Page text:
Psychoeducation is widely practised in Quebec, where it became a profession in the late 1950s. It is a fundamental, yet still at times unknown, field of expertise. Psychoeducators support people with adjustment challenges by working with them, their environment and the interaction between the two. They work on the ground in collaboration with other health professionals by supporting the specialists who work with their clients. Only a few psychoeducators work in the federal prison system, all of them at the Archambault Institution, at the Regional Mental Health Centre.
Thomas Clapham, CD
Thomas Clapham served in the Canadian Armed Forces as a Medic from 2005 to 2017. He was deployed to Afghanistan from 2008-2009 and was deployed here at home in support of the 2010 Vancouver Olympics. He retired from the forces at the rank of Sergeant and was awarded the General Campaign Star, Canadian Forces Decoration, and two Commander Commendations for his actions while in service.
In 2017, Thomas joined the Royal Canadian Mounted Police as a public servant in the role of Disability Management Advisor, where he provided support and guidance to both members and management in NHQ, National, Ontario and Nunavut Divisions. After a year, Thomas joined USJE as a Local President.
In 2020, Thomas became the National Program Manager for the RCMP Support for Operational Stress Injury (SOSI) Program. This is a program designed to provide confidential peer and social support for individuals impacted by Operational Stress Injuries. Thomas is proud to lead an incredible team of coordinators across the country who support others through their own lived experience and capacity to offer empathy, in hopes to build resilience and diminish the stigma surrounding mental health.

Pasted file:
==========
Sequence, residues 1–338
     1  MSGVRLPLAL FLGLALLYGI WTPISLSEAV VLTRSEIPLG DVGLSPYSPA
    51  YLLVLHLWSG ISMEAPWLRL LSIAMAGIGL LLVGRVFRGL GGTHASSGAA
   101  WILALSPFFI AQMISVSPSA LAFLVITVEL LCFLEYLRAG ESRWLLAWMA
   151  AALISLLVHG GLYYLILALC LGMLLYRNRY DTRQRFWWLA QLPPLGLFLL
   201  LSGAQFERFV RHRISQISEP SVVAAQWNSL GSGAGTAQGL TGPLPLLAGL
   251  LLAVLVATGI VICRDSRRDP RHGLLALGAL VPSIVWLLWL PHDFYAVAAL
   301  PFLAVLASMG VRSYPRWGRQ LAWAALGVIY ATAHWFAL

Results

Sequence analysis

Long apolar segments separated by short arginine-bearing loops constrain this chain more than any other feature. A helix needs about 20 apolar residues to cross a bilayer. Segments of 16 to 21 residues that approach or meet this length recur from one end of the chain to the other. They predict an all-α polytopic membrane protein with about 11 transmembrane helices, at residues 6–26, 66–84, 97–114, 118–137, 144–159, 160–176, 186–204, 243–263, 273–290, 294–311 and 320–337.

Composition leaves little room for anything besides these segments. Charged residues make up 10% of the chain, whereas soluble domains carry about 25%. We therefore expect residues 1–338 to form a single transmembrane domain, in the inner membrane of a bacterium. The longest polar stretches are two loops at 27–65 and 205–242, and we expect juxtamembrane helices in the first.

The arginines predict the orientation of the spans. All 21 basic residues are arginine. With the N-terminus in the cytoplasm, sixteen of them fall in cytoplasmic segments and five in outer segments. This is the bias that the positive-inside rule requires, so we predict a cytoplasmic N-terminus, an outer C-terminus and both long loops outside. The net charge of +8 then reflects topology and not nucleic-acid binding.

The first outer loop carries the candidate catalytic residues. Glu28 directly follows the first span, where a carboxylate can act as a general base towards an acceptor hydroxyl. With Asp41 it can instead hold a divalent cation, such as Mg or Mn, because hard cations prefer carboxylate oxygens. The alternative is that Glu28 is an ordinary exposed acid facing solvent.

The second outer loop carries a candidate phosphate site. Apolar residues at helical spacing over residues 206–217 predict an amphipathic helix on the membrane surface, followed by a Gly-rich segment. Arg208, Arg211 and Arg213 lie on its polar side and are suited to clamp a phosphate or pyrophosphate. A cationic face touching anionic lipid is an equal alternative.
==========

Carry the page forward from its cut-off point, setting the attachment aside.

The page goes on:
Thomas has dedicated his career to supporting employees and veterans of the Canadian Armed Forces and RCMP with their recovery, rehabilitation and reintegration efforts following injury or illness.
Thomas lives in Ottawa with his spouse Allison and two children, Rory and Clara.
For nearly three decades, Jim Tata has served as a Parole Officer in a variety of community parole offices and federal penitentiaries within the Correctional Service of Canada since November 1994.
Jim currently works as a Community Parole Officer, providing service to remote communities in northern Manitoba.
With a home base at the Winnipeg Parole Office, Jim provides service and supervision to northern Manitoba First Nation Communities: Bloodvein, Berens River, Poplar River, Pauingassi, Little Grand Rapids, St. Theresa Point, Garden Hill, Wasagamack and Red Sucker Lake. Most of these communities are accessible only by air, and traveling across these communities is only possible by either boat, ATV, snowmobile or helicopter.
Jim has put in tremendous work over the years developing relationships with community leadership and resources in order to facilitate safe reintegration of offenders in their home communities.
His work in these remote communities has helped to build and maintain relationships with other public safety personnel, such as the RCMP, local Justice Workers and Band Police. It is through these important relationships that these partners have learned about the parole system and have engaged in aspects of offender support and supervision.